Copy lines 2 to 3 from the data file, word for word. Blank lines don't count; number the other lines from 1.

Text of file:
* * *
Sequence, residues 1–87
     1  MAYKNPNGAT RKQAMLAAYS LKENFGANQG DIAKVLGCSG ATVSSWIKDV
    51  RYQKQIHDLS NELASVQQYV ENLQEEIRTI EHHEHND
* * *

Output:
     1  MAYKNPNGAT RKQAMLAAYS LKENFGANQG DIAKVLGCSG ATVSSWIKDV
    51  RYQKQIHDLS NELASVQQYV ENLQEEIRTI EHHEHND